The rail tank cars least likely to survive a crash will be off Canadian railway tracks years sooner than originally planned.
Transport Minister Marc Garneau announced in Ottawa on Wednesday the federal government is moving up the timeline for removing from the rails some of the most dangerous kinds of rail tank cars carrying crude oil and other dangerous goods through Canadian cities and towns.
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“We are amending those timelines because we want to use the safest possible containers to transport dangerous goods as soon as possible,” Garneau said.
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CPC 1232 tank cars that do not have heat protection layers will not be allowed to carry crude oil as of Nov. 1, 2018.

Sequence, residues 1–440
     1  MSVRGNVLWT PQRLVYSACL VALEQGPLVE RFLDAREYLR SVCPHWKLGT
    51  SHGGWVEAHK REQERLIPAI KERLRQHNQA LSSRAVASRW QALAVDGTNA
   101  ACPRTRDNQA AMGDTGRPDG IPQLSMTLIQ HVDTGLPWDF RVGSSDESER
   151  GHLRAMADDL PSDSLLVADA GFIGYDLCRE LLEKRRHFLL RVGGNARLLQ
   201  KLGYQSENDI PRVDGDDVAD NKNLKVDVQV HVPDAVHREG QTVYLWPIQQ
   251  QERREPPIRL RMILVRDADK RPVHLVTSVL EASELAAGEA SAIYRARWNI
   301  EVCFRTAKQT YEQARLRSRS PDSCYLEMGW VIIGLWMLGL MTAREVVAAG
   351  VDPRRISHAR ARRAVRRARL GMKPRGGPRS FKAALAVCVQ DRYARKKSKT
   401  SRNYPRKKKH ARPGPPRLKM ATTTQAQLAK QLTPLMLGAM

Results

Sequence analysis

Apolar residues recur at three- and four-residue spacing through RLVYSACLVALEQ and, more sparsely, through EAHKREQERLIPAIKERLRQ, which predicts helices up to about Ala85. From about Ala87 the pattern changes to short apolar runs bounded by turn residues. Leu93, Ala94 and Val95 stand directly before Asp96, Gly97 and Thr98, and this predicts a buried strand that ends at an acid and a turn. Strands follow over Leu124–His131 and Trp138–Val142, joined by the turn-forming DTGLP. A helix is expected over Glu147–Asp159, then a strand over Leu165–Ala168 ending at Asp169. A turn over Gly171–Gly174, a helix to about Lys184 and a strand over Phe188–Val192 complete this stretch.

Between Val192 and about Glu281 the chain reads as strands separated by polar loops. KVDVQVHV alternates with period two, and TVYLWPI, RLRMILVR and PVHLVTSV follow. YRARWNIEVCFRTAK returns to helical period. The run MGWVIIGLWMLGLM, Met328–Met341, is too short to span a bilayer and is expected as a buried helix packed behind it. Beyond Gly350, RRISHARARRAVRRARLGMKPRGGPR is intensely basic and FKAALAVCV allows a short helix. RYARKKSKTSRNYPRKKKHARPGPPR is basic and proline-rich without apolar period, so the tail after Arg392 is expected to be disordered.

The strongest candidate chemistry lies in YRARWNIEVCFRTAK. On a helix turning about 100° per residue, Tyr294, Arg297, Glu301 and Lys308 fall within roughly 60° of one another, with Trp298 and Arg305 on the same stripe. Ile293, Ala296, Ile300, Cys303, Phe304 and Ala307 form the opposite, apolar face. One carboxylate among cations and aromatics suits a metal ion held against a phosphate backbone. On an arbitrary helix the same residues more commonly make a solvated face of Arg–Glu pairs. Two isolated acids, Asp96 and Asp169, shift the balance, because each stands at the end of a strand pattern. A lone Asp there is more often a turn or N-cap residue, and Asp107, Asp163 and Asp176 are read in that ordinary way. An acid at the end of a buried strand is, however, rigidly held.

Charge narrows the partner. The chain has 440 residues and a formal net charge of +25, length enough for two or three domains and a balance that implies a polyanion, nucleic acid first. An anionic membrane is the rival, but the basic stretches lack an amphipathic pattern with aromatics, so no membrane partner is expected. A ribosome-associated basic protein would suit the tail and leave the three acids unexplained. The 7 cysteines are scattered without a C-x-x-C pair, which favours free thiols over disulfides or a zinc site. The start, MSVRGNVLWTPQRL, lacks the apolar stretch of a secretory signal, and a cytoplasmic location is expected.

That deadline had originally been April 1, 2020.
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As well, DOT 111 tank cars and CPC 1232 tank cars that carry other types of highly volatile flammable liquids besides crude oil without a layer of thermal protection will be phased out by Jan. 1, 2019.
That deadline was originally set for April 30, 2025.
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As well, Garneau said there will be a working group created so that the railroad industry can make recommendations to Transport Canada on how best to speed up the timeline for phasing out CPC 1232 tank cars with a layer of heat protection.
The decision to remove the most dangerous kinds of rail transport cars from Canadian railways comes five years after the deadly 2013 derailment in Lac-Megantic, Que.
Forty-seven people died after a runaway train derailed and exploded, destroying part of the town’s core where the railway passed through.
An investigation later found the train was improperly parked when it derailed.
Three men were found not guilty of criminal negligence in January 2018 following a court case examining their connection to the tragedy.
Ottawa also committed in January to pay for a major portion of the railway rerouting project that will move that track out of the downtown of Lac-Megantic.
The final amount of federal contribution has not yet been announced.